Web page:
By Sibel Tinar, Senior Contributing Reporter
RIO DE JANEIRO, BRAZIL – The elections of October 3rd failed to name the next president of Brazil, with current president Lula’s designated successor and front-runner Dilma Rousseff unable to secure the required absolute majority of votes, calling for a run-off round between herself and José Serra at the end of the month.
With seven of the nine presidential candidates out of the picture, most significantly Marina Silva, who came third with 19.3 percent of the votes, surprising even many of her supporters, the dynamic of the presidential race has shifted, and so have the campaign strategies of the remaining two candidates.
Even though early predictions indicate that Dilma, who secured 46.9 percent of the votes in the first round against Serra’s 32.6 percent, will emerge victorious from the run-off round on October 31st, the ultimate determining factor may be whether Marina Silva decides to throw her support behind one of the candidates.
The most recent public opinion poll conducted by Datafolha shows Dilma leading with 48 percent and Serra at 41 percent. Only taking the valid votes into account, voiding the nulo (invalid) votes and adding the branco (blank) votes, which are cast to show the voter’s approval for both candidates, to the leader’s total, the poll shows Dilma with 54 percent and Serra with 46 percent.
With the difference in voter support between the two candidates at less than ten percentage points, and considering the oscillating voter support for Dilma (which from July to August increased a massive 15 points and eventually decreased by ten points until election day), the current situation may yet be subject to a twist.
Securing Marina Silva’s endorsement is the primary concern for the candidates, and getting the votes of even half her supporters might mean a surprise win for the underdog Serra, should the other half opt to vote nulo or branco.
Thus both candidates have been adjusting their strategies in order to appeal to Marina Silva of Partido Verde (PV, Green Party), by placing a special emphasis on environmental consciousness, as well as the causes and ideologies that the PV espouses.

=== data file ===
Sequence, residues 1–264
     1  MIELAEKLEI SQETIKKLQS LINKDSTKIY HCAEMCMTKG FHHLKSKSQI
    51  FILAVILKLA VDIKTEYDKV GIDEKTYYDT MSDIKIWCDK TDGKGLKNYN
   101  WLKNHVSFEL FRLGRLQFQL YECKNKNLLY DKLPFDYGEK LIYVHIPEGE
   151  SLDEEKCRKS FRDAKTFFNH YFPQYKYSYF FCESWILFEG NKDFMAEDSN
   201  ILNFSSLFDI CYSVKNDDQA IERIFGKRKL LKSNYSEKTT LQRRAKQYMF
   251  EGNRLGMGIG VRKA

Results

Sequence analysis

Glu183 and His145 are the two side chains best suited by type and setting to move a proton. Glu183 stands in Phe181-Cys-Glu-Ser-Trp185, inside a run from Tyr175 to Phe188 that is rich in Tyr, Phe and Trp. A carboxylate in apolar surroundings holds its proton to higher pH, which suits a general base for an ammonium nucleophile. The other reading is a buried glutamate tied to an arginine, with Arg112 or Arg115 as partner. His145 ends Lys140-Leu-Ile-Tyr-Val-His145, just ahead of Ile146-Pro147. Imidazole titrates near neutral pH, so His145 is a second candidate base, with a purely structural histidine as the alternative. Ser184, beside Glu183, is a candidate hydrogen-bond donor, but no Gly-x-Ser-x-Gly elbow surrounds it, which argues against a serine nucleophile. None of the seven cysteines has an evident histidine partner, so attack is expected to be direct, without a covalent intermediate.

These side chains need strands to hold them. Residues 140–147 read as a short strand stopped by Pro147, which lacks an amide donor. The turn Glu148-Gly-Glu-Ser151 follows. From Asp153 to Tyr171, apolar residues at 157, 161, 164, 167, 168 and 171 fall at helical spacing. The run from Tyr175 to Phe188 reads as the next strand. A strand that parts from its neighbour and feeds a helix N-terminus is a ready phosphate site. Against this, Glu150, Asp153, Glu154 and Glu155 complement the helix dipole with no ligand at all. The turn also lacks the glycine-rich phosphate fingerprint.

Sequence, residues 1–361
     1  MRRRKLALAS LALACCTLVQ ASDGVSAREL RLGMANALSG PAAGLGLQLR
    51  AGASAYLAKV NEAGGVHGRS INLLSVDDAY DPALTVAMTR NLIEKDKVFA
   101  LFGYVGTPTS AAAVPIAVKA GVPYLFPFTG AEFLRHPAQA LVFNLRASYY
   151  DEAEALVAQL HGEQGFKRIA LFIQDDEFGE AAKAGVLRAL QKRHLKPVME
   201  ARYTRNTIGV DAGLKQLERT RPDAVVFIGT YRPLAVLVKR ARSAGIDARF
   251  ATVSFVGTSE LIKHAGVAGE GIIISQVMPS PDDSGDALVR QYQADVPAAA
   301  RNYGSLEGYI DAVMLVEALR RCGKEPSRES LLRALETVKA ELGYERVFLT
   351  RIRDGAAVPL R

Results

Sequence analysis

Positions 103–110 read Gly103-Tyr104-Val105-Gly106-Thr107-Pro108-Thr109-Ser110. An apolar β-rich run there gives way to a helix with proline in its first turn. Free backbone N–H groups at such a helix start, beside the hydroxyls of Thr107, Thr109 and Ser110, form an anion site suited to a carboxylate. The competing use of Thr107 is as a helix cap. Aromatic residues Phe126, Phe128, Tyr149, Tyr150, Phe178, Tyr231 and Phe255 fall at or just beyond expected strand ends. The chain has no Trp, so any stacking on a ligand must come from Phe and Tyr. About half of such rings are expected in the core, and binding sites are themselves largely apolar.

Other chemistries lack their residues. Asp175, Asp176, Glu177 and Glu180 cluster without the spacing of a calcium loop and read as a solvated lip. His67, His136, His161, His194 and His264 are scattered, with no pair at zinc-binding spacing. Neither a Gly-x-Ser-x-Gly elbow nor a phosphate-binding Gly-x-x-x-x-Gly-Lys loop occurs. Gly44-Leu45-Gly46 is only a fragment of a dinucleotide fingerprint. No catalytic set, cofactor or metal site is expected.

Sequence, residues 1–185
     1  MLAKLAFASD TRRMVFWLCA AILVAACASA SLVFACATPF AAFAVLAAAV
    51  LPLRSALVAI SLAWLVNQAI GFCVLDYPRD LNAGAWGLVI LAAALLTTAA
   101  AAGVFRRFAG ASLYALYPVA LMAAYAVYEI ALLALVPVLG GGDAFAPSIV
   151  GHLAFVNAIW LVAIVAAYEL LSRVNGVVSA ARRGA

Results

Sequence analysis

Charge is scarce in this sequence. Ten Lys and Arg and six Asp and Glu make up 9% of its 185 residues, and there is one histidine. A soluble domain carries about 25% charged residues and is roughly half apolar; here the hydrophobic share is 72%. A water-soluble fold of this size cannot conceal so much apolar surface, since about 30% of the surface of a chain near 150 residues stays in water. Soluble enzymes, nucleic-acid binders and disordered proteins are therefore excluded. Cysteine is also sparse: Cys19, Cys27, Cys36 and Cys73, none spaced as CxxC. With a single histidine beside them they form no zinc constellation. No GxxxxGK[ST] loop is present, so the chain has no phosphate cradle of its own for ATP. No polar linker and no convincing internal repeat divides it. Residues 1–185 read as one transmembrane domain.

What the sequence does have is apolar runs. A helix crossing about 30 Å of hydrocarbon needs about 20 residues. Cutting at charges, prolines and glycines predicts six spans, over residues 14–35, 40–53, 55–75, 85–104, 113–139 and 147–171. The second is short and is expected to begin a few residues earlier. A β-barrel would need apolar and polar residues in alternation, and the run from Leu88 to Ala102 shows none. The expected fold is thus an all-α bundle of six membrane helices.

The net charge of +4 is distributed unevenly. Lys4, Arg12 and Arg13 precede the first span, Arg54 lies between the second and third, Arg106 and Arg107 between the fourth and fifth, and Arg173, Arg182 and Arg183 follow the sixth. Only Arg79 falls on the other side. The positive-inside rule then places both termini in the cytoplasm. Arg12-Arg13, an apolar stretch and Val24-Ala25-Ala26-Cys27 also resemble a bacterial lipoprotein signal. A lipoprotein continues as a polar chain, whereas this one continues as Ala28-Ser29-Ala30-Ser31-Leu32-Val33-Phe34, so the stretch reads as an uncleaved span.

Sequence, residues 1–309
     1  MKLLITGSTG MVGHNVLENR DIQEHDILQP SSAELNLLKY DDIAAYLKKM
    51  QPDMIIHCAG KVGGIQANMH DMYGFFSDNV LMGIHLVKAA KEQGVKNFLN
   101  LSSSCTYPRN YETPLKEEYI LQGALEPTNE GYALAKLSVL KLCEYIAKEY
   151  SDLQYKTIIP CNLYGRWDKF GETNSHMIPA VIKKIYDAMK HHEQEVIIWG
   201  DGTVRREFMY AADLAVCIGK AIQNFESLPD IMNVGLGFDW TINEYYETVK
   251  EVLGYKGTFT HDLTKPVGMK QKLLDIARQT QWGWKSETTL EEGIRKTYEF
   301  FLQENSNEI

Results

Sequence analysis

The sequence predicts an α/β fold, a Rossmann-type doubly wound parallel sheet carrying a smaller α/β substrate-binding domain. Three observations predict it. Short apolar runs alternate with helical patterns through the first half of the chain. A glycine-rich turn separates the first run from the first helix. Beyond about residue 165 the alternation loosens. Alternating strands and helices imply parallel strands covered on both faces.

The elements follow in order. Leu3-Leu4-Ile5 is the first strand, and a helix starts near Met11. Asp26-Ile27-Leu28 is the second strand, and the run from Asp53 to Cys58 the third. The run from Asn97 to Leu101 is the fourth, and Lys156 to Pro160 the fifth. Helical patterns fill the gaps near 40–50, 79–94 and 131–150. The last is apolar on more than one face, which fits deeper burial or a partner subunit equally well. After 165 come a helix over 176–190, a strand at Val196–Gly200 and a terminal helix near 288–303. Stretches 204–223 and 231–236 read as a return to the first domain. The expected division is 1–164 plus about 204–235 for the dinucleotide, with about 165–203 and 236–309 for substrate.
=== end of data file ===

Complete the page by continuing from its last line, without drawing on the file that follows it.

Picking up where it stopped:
So far neither the party nor Silva have declared an endorsement or a favorable inclination towards either candidate, and the PV leader of the Câmara dos Deputados (Chamber of Deputies) Edson Duarte has defended the importance of the voters’ own judgment. “Our nearly twenty million voters should assess who has the qualifications to take over and run the project”, he said, also voicing his desire to see both Dilma and Serra “adopting the PV’s commitment to Brazil”.
Marina Silva, on the other hand, has recently announced that she is willing to negotiate support for Dilma or Serra going into the run-off round, depending on the candidates’ adherence to the ten topics included in a document she released.
Beginning with the requirement of not restraining the media under any circumstances, the document, subdivided into 42 demands, includes the conditions of transparency and ethics, electoral reform, education, public safety, climate change, energy and infrastructure, social security, health care, social assistance and welfare, protection of biomes, public expenditure reform, foreign policy, and strengthening of cultural and social diversity.
Making it clear that adherence to these principals will only be one factor in their decision, Marina Silva will convene the party leadership on October 17th and hold a convention in order to determine whether she chooses to endorse a candidate, or prefers to remain neutral.